"There is, in the Beat-influenced imagination of Swift's earliest poems, an exquisite timing and formal innovation that goes on to characterise his work so far. As intensely spiritual as it is erotic, this is writing of sometimes uncomfortable honesty, which never fails to tell us something about the strange business of being alive. The elegiac melancholy of 'Cafe Alibi' and the free-wheeling imagistic felicity of 'Rue de Regard', meet in his latest work to form a poetry as poignant as it is celebratory, shot-through with eccentric details and rueful wit."
"I love the way Swift ranges from the heartbreakingly beautiful stories about his family to the witty experiments with form where any subject matter is up for scrutiny. Sincerity and comedy attuned to a subtle ear make Swift a top quality poet!"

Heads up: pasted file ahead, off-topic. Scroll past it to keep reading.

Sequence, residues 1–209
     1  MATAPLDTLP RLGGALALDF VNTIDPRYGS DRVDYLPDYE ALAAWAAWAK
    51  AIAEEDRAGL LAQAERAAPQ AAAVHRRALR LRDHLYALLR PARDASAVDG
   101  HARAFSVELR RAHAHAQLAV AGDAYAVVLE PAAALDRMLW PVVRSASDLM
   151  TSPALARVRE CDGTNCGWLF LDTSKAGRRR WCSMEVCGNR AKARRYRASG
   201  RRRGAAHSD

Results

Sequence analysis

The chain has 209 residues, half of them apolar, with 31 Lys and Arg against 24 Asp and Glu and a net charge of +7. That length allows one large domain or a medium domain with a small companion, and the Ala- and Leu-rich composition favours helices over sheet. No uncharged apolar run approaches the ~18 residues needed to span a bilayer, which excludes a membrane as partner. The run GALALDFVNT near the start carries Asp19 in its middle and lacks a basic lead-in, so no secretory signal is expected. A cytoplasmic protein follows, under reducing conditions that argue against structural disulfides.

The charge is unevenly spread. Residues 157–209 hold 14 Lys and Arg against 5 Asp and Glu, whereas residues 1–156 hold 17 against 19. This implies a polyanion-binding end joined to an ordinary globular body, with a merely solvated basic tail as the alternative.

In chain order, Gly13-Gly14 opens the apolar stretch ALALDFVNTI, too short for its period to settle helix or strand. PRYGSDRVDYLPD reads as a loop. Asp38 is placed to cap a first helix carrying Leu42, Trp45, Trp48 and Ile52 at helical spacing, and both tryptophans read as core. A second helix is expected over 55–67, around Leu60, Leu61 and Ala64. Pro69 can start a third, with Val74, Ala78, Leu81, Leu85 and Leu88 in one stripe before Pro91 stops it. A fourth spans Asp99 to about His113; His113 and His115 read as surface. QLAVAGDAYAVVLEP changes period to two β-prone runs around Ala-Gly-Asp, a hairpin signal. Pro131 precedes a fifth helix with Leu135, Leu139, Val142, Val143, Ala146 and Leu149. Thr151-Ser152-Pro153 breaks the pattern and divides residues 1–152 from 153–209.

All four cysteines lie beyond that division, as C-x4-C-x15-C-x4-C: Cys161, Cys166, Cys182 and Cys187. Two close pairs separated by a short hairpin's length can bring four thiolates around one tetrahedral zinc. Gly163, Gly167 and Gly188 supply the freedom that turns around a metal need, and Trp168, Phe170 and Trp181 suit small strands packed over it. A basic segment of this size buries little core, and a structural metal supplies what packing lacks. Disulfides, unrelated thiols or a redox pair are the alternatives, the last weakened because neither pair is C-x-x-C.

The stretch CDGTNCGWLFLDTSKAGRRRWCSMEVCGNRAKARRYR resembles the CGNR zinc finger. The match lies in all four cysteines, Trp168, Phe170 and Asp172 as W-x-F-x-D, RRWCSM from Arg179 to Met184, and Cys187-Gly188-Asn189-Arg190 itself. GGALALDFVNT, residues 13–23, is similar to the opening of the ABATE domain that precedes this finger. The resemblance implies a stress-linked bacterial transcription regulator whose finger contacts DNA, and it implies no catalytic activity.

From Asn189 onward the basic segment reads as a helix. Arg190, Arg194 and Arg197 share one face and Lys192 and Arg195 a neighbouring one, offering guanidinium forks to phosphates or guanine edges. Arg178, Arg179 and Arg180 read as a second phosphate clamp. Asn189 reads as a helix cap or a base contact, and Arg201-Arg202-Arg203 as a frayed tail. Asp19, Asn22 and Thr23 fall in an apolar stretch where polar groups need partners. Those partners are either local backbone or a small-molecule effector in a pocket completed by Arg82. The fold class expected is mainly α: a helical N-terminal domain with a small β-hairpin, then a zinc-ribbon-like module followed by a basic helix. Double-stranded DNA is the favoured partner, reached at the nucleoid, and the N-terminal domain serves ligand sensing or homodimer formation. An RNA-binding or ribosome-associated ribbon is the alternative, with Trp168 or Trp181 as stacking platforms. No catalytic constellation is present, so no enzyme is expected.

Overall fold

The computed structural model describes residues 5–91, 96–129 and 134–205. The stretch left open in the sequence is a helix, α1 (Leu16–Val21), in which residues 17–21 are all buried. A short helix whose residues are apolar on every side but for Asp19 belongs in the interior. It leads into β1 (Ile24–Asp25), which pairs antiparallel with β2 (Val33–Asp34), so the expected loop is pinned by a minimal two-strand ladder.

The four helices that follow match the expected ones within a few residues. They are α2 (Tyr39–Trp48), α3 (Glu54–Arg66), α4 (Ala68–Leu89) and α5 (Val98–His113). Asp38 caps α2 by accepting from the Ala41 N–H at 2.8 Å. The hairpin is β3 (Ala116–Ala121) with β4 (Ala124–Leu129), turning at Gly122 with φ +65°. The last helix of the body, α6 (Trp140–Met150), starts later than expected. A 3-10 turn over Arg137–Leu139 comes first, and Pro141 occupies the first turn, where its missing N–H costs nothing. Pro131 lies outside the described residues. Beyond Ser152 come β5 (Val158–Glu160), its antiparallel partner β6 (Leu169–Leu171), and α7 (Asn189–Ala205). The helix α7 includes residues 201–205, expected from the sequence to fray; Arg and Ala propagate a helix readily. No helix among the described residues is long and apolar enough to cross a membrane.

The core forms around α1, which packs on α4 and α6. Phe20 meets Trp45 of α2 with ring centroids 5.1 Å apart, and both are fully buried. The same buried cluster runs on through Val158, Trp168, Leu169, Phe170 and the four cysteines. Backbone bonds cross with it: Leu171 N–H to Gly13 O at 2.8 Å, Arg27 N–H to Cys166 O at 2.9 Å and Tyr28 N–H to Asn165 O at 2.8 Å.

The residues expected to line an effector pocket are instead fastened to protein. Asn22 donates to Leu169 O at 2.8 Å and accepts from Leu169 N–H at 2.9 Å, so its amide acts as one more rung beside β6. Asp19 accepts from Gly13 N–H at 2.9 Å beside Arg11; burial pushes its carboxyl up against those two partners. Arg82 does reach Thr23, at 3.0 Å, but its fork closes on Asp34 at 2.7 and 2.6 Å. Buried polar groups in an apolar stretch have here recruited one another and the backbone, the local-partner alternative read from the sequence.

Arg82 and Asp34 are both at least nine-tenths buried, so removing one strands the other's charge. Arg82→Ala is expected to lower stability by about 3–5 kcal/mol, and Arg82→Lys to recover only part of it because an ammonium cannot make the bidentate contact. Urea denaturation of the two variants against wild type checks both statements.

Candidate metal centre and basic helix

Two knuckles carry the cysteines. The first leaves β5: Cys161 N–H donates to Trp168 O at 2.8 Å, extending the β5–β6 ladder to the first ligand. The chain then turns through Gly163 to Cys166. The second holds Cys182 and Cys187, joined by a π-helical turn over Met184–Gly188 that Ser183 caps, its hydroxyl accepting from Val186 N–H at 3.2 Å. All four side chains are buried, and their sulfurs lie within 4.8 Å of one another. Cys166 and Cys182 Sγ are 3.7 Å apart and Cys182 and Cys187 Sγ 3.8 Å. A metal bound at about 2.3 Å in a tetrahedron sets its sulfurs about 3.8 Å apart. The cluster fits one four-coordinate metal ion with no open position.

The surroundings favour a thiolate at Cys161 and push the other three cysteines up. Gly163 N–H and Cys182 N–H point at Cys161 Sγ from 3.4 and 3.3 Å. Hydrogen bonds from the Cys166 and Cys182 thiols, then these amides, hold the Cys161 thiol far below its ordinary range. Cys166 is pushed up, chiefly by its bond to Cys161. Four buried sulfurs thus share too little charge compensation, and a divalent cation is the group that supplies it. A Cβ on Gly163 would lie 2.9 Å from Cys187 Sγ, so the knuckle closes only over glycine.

Todd Swift is one of the leading Canadian poets and poetry activists of his generation. His collection of essays about Anglo-Quebec poetry, Language Acts (which he co-edited with Jason Camlot), was a finalist for the 2007 Gabrielle Roy Prize. He has had four previous collections of poems published by DC Books in Montreal, Canada. He lives in London, England, with his wife, where he works as a lecturer in creative writing, editor, and writer.